Medvedev Promises New Subs

Ria-NOvostiMedvedev emerging from St. George the Victor submarine on Thursday.
PETROPAVLOVSK-KAMCHATSKY -- President Dmitry Medvedev said Thursday that plans to modernize its armed forces will not be affected by the current financial crisis.

"Regardless of any crisis, we should build new submarines, should simply deal with the modernization of the armed forces," Medvedev told the crew of St. George the Victor nuclear submarine during a visit to its Pacific home base at Kamchatka Peninsula.

"Our country has means and resources for that," he said in comments shown on national television.

Medvedev has said the war in Georgia showed that Russia needed to equip its army with more up to date weapons. His predecessor, Prime Minister Vladimir Putin, has said the military budget will grow by 28 percent next year.

As opposed to Putin, who has flown a supersonic jet, made a short underwater trip on a nuclear submarine and appeared publicly in military uniform, Medvedev has previously stuck to a more civilian style during his visits to military installations.

On Thursday, the 43-year-old former corporate lawyer, known as a keen Internet user and a yoga fan, appeared at the Vilyuchinsk navy base in a navy uniform.

Medvedev, accompanied by Defense Minister Anatoly Serdyukov and top brass, toured the submarine built in 1978 and armed with intercontinental missiles capable of carrying nuclear warheads and joined the crew for a tea party.

He told the sailors that the government was committed to providing them with better social conditions, including housing.

"We are talking about tens of billions of rubles," Medvedev told the sailors. "I think we will finally solve the problem of proper housing for the military."

Medvedev said neither Western pressure nor economic woes could affect Russia's commitment to having strong armed forces.

"As far as other global problems are concerned, we have a sustainable economy," he said. "We have enough material and intellectual resources not to depend on anyone."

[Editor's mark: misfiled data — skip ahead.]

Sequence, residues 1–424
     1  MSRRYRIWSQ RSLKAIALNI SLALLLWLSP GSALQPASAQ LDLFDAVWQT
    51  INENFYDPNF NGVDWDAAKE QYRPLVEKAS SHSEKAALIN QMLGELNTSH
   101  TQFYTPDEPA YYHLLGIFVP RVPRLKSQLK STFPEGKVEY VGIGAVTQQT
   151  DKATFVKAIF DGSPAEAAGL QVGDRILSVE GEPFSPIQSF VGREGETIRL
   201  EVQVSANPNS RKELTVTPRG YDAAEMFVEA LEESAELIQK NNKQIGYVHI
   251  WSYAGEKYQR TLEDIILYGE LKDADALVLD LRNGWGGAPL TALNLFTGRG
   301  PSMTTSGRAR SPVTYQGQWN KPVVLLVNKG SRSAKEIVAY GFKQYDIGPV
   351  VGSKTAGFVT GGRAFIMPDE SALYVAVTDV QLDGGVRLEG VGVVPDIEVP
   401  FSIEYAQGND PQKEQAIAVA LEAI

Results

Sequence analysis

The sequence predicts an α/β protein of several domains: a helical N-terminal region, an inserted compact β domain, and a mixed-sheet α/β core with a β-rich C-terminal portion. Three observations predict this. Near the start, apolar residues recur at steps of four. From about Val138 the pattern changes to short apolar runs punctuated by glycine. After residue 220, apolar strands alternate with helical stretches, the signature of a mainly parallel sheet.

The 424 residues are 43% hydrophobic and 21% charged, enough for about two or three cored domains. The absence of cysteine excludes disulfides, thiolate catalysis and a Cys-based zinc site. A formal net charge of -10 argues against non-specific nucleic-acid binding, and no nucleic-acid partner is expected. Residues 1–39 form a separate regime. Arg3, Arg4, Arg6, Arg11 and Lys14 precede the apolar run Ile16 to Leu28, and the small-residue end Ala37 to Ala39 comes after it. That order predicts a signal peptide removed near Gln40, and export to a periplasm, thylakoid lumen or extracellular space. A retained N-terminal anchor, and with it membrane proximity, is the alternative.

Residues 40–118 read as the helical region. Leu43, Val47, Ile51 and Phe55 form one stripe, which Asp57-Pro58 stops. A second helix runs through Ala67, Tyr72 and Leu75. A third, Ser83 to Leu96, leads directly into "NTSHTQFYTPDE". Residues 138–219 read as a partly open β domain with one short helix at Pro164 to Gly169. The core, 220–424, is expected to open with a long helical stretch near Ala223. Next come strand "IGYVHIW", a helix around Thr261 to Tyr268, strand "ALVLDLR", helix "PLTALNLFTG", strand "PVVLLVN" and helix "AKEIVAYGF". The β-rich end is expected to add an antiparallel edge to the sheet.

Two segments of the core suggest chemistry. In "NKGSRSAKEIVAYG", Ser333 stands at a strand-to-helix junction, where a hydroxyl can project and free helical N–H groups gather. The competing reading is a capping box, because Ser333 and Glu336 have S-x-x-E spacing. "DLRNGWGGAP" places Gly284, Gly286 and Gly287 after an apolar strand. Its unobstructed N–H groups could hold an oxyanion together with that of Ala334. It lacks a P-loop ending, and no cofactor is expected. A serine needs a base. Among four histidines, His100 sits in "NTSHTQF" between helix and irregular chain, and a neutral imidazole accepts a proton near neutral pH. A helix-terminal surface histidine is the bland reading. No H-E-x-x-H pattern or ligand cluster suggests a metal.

Addressing a meeting of local officials and several top ministers earlier Thursday, Medvedev said Russia could not function if all power was concentrated in the Kremlin, signaling a departure from Putin's hands-on style.

"It is too bad when all decisions, including those on operational issues, are made by the president," Medvedev said in the capital of the easternmost Kamchatka region. "That means we do not have a system of management."

"We simply cannot work. We need to act faster, make ... reasonable management decisions," he said. "Otherwise, we shall simply feel ashamed about the missed opportunities."

Putin's eight years in office were characterized by a concentration of power in the Kremlin, drawing criticism from the West. Major decisions were made by the president, while the government and parliament found their role drastically curtailed.

Putin has argued that this approach -- known in Russian as "manual control" -- was essential to restoring order in the vast and sometimes unruly country.

But officials in Medvedev's entourage say that if Russia does not switch to a more systematic approach to governance, based on clear rules and institutions, economic growth could start to splutter and Russia will not be globally competitive.

The Kremlin has set the target of making Russia one of the world's leading economies by 2020.